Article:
Category Archives: gratitude

bad attitude changed to gratitude

My Bad Attitude: How I Learned to Give Thanks for Family Challenges

We were headed in opposite directions, my husband to soccer and me to fulfill our weekly adoration hour with the rest of our brood of children. It wasn’t really anything new or extraordinary, single-parenting in adoration.

Admittedly during the adjustment period three years ago when we first began adoring as a family, two pairs of arms and eyes were needed to manage our youngest ones as the clock ticked off sixty minutes, but since then we’ve all learned how to spend an hour in the chapel with (relatively) few interruptions or needs for discipline. Continue reading

9/11 The Day the World Kept Turning

9/11 memorial

Heavy with my fourth child, I remember the phone call that alerted me to turn on the television.

With my college roommate on the other end of the long distance line, I sat on my bedroom floor staring clueless and confused at the screen. My three little ones (at 5, 4 and 2 years old) were carrying on around my perimeter with business as usual, completely unaffected by the troubles of the world.

The morning news cut to live footage of the first tower with smoke billowing from its side and the newscasters tried their best to spin a story while still devoid of facts.

As I listened to their banter and speculations, a second plane appeared in the New York skyline. Its purposeful trajectory made clear we were witnessing something very different than first considered.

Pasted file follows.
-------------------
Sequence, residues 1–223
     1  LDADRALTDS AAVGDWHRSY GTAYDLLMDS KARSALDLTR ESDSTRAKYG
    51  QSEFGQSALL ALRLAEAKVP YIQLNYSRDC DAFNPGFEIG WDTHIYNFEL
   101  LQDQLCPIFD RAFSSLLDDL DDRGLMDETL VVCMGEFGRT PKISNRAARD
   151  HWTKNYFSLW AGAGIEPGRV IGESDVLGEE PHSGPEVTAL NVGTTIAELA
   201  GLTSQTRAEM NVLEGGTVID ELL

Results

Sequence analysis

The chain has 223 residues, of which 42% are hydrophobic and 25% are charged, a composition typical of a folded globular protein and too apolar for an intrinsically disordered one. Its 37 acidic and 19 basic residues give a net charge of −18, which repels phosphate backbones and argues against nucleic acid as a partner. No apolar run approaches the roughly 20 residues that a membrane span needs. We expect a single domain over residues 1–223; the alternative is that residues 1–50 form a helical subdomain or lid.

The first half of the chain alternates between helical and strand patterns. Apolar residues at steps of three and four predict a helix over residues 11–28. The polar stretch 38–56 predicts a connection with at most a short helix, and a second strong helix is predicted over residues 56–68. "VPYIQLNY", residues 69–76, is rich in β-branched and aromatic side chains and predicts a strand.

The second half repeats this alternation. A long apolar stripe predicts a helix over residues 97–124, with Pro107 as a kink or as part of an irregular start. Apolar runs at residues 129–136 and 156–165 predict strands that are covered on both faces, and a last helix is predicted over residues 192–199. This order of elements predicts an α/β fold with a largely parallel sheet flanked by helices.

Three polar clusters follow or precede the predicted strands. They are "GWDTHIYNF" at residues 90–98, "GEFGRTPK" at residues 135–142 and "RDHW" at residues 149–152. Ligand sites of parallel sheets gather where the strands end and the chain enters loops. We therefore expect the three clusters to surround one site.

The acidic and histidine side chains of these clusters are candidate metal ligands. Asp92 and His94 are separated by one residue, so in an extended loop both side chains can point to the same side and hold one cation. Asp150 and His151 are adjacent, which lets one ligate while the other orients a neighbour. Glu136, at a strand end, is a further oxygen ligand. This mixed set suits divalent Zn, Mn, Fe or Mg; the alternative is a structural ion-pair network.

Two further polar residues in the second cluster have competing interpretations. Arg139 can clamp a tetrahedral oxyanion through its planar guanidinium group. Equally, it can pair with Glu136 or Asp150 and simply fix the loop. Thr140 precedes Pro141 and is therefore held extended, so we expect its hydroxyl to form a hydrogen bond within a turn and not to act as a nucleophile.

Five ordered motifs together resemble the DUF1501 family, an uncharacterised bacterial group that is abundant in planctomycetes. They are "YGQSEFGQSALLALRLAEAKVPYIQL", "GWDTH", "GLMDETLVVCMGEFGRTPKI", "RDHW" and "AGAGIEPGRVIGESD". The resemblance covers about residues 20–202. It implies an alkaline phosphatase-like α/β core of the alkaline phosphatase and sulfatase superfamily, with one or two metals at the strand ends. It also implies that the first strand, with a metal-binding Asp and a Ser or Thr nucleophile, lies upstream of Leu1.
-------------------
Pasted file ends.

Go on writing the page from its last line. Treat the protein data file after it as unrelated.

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tactics for deaing with stress

Mama’s Drama 2: Putting Myself Back Together

In my previous article I wrote about how I sometimes feel like an old tattered teddy bear, who’s been tossed, toted and squished until the seams burst and the stuffing erupts.

Unfortunately, unlike the teddy bear’s frayed parts, my episodes of impatience and lost temper are anything but cute.

Honestly, I try to be a patient mother.

I try to listen with interest when someone interrupts my attempt to write an article for the fourteenth time in a row, so that they can tell me the uber adorable trick they’ve just taught their baby brother.

And I try to maintain my cool when two siblings start barking their opposing sides of a debate five minutes after we’ve all walked outside of the church doors. I try, but sometimes I fail.

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Bird Song: a poem

by Sasha Brelinsky

I suppose writing is in the blood here in Brelinskyville. My daughter, Sasha Terese, wrote this poem recently for a poetry contest being held at our local library.

Bird Song

Up in a tree,
on his brown seat,
out of his throat,
comes a soft tweet.

The sounds echo ’round,
deep, soft, high, low,
enjoyed by all those,
standing down below.

A soft white feather,
a flash of brown,
a hint of red,
as singer flies ’round.

And every Summer day,
he gives us his song,
he tweets through it all,
no matter how long.